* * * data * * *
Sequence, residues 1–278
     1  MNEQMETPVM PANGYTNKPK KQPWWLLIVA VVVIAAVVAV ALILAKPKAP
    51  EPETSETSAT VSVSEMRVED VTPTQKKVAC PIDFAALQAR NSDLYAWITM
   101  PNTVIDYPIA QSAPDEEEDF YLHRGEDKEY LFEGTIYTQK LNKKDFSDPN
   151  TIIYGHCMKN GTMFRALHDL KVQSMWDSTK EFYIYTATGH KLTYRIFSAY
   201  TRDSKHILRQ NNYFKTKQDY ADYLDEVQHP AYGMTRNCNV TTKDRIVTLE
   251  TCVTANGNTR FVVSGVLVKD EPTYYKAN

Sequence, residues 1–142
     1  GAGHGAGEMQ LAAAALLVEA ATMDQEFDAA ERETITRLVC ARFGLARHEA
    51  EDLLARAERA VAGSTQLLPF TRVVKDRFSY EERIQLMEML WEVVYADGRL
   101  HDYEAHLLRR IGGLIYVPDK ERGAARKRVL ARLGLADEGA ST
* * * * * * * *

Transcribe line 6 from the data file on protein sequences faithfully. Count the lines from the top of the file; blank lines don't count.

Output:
   201  TRDSKHILRQ NNYFKTKQDY ADYLDEVQHP AYGMTRNCNV TTKDRIVTLE